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Regift without fear
Following these 5 tips can save you some embarrassment this holiday season.
December 16, 2005: 1:00 PM EST
By Gerri Willis, CNNMoney.com contributing columnist
Where to get the hottest holiday gadgets
Xbox 360s and iPods are in high demand, but for the patient (and wealthy), the goods can be yours.(Full story.)

NEW YORK (CNNMoney.com) - We may not admit it, but we may be guilty of doing it. We're talking about regifting, the gift that just keeps on giving.

Regifting may be more art than science, and today's 5 Tips is going to tell you how you can regift without fear.

1. Know the stats

Ever wonder exactly how widespread the practice of regifting is? A recent survey indicates it's pretty popular.

According to the credit counseling agency Money Management International, about 4 in 10 people regift.

Women between the ages of 35 and 54 regift the most. Women in general regift more than men (41 percent versus 33 percent). Those who have a household income of $50,000 or more have regifted more than those with lower household incomes (42 percent versus 33 percent).

2. Have your heart in the right place

If you're going to regift, make sure you do it for the right reasons. The gift should be something that you think the other person would like, or something that you just can't use, says Thomas Farley, the author of "Modern Manners."

If you give away a gift just to get rid of some of your closet clutter, it's going seem tacky. And if the present is really that bad, chances are, your friends and family won't appreciate receiving it either.

3. Keep it out of the social circles

The secret to regifting is that no one is the wiser. You shouldn't regift within families or groups of friends. If you received a great present from your childhood friend who lives a few states away, it's probably safe to assume you can regift without worry that they'll see the gift at another friend's home.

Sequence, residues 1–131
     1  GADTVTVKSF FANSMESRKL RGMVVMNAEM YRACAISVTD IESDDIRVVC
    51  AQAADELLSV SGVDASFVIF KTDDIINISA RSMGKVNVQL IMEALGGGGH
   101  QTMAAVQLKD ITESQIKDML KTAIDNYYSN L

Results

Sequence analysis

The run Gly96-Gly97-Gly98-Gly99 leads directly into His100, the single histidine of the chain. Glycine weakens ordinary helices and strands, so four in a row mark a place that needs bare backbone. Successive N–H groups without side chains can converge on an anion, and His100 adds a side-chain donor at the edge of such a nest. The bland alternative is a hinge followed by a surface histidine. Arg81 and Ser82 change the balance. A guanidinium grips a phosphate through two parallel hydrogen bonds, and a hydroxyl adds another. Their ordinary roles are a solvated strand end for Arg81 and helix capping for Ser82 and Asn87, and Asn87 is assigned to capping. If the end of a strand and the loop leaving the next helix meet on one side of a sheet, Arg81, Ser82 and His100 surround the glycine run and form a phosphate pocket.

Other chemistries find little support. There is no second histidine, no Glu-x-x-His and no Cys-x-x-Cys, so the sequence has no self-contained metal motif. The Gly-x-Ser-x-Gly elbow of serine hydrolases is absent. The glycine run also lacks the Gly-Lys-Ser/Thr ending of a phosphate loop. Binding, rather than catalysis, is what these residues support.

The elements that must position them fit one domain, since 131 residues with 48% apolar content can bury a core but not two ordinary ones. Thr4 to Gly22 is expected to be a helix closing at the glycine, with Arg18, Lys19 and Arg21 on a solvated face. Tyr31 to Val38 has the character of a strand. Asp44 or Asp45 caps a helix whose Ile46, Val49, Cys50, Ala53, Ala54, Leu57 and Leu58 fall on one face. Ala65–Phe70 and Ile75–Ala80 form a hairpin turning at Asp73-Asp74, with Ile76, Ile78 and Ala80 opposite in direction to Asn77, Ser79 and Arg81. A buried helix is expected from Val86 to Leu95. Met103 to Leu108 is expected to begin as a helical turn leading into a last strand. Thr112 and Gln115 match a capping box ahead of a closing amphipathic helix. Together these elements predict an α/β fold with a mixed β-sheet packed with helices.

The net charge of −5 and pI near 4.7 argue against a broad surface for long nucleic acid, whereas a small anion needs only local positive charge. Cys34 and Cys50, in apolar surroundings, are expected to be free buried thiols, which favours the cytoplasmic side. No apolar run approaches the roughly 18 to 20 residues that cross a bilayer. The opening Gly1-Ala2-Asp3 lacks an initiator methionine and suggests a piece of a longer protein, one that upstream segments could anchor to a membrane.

The more personalized the present, the more likely that you'll get caught regifting. So make sure it's a present that you'll be able to find in your local stores. You don't want to regift that one-of a-kind miniature tea-pot from Cambodia you got from your aunt last year.

Also, make sure you know who gave you what. If you have a number of presents, you may want to keep a record of your items.

4. What you can regift

Okay, so you may not want to regift your monogrammed duffel bag, but there are just some things that beg to be regifted, like alcohol. Bottles of wine are a perfect example of a gift that keeps on giving.

"I don't think anyone would flinch if they received a bottle of wine," says Farley. "It could even be something that has been lying around in your house for a while." Wine is also pretty nondescript, so unless it was a very rare bottle, chances are you're pretty safe.

If you're allergic to perfume or body lotion, regifting these items will be pretty safe. Of course, make sure that it hasn't expired and is in good condition.

Do a once-over and make sure there are no name tags or markings in the wrapping. Do not regift any sentimental gifts. If your blind grandmother knitted you six-fingered gloves, hold onto them. It's been personalized.

Don't regift items that have a shelf life like soaps or potpourri. And one last thing, if you do regift, make sure the manufacturer is still in operation. You don't want to be giving someone perfume that you found at a garage sale a decade ago.

The Emily Post Institute has a good rule of thumb: "If you're in doubt, don't do it."

5. Throw a white elephant party

If you really just want to get rid of your junk, make regifting the purpose of a party. Farley tipped us off about white elephant parties.

At white elephant parties, guests bring things from their home that they want to get rid of. They wrap it up and there's a regift exchange where everyone picks from the pile.

This way, the regifting is all out in the open and you've made some space in your closet. And you never know, what may be your junk today may be some one else's treasure tomorrow.

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For all the latest top 5 Tips columns, click here.

Gerri Willis is a personal finance editor for CNN Business News and the host for Open House. E-mail comments to 5tips@cnn.com.  Top of page


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